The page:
Tuesday, April 19, 2011

Traveling with kids: 9 tips for eating at a restaurant

Eating out with small children can be fun, but for parents it usually involves some amount of stress: at some point the patience and endurance of a baby, toddler, preschooler or young child in a restaurant setting will run out. The question is: will you have finished your meal when that happens?

I love food, and I love eating out. I have brought my children to restaurants since they were infants, and usually they're great. Of course, they have their bad days too, just like anyone else. When you're home, you can usually pick a "good" night to go out for a meal, but when you're on vacation away from home, you sometimes have to eat out even under less than perfect conditions.

Not everyone is this relaxed after a meal.

Here are some things I've learned from my own experiences with children in restaurants: 

1. Outdoor is better than indoors - Indoors, sitting down is usually the only viable option and that can be hard for kids, especially if the meal takes time arriving, or if the adults insist on eating several courses. Outdoors, kids can sometimes have a chance to walk around, and maybe look at the view, or the traffic, or the ocean or whatever else there is to look at. Any non-hushed voices are usually less overwhelming when you're outside.

2. Roomy is better than cramped - With young children, it makes sense to try to eat at a place with a reasonable amount of space between the tables. You don't want to feel as though your children are bumping into other diners whenever they move their chair or get up to look out the window or go to the bathroom. Avoiding cramped surroundings can make for a more relaxed meal all around.

At the Mala Ocean Tavern, Maui.
3. Let your kids nap before you go - If you're bringing young kids, babies, jet-lagged or just travel-weary kids to a restaurant where you know the meal might take a while, give them a chance to nap before the meal. For babies, it might work to bring a stroller and let them sleep in it for part of the meal.

4. Use the whole menu for meal ideas - Depending on whether you have a picky-eater child or not, finding something for your child to eat of a restaurant menu can be a challenge. In some countries, children's menus aren't always an option. Looking at the whole menu, including appetizers/starters and side-dishes, can sometimes help provide some extra options.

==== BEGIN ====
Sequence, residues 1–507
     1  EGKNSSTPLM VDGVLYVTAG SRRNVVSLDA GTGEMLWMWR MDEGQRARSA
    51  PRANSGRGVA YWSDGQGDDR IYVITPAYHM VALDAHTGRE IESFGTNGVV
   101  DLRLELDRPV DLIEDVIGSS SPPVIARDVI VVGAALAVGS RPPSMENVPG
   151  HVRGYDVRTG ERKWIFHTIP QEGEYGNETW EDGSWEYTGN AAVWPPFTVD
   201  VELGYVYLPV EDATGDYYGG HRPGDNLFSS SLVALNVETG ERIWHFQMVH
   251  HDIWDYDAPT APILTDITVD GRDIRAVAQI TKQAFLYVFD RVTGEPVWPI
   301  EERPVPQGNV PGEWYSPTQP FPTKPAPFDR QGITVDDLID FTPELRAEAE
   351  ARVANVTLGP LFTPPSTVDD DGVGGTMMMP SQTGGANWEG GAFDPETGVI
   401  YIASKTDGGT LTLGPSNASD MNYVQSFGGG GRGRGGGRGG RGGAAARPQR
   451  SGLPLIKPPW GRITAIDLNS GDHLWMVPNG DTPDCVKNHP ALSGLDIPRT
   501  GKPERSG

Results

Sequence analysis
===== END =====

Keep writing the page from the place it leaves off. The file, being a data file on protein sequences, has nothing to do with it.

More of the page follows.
5. Bring something to pass the time - Waiting for the food can take forever, at least it may seem like that to a hungry or bored child (or adult). Bring along some games or apps on your cell-phone that your kids can fool around with, ipods (if they're into that), coloring books and crayons, hand-held games or whatever you think will buy you some extra time.

6. Let them have their own menus - Having their own menu to look at can sometimes help kids, even ones who aren't reading yet, pass the time and make them feel better about the whole restaurant-experience. Ask for a couple of extra menus from the waiter or waitress for your kids just to help make them feel more involved.

7. Bring a bottle for babies - If you have a baby, bring along a bottle or sippy cup with their favorite beverage to pull out in case you need it. Milk, formula, water... Having something to sip on often helps infants and babies settle down. Bring two bottles if you think the meal might take a long time.

At Sagitario in Gran Canaria.

8. Bring something you know they'll like - For obvious reasons restaurants frown on someone bringing their own food. But if you have a toddler or baby, bringing a favorite snack or treat might be the only way your child will eat anything at all. A jar of baby food, some crackers, a yogurt or fresh fruit... bring something you know your child will eat, because a hungry child can run out of patience very fast! 

9. Be ready to make a hasty exit - Sometimes things just go bad. This can happen with even the best children, raised by the best parents (and that's pretty much all of us, right?). Maybe your child is tired, jet-lagged, hungry, bored, not feeling great, or just generally not in the mood for a social occasion. It happens. Babies sometimes start those crying fits that won't stop, toddlers get stuck in tantrums, and so on. Gauge the situation and decide if it is time to leave, and if you think it is, then just cut your losses. Get the bill as fast as you can, have whatever food you want to keep packed up (if the restaurant will do that), and get out before it gets worse. Then try another night and hope things go better.

2 comments:

  1. Thanks! And I've used number 9 (hasty exit) a few times... ;)

    ReplyDelete

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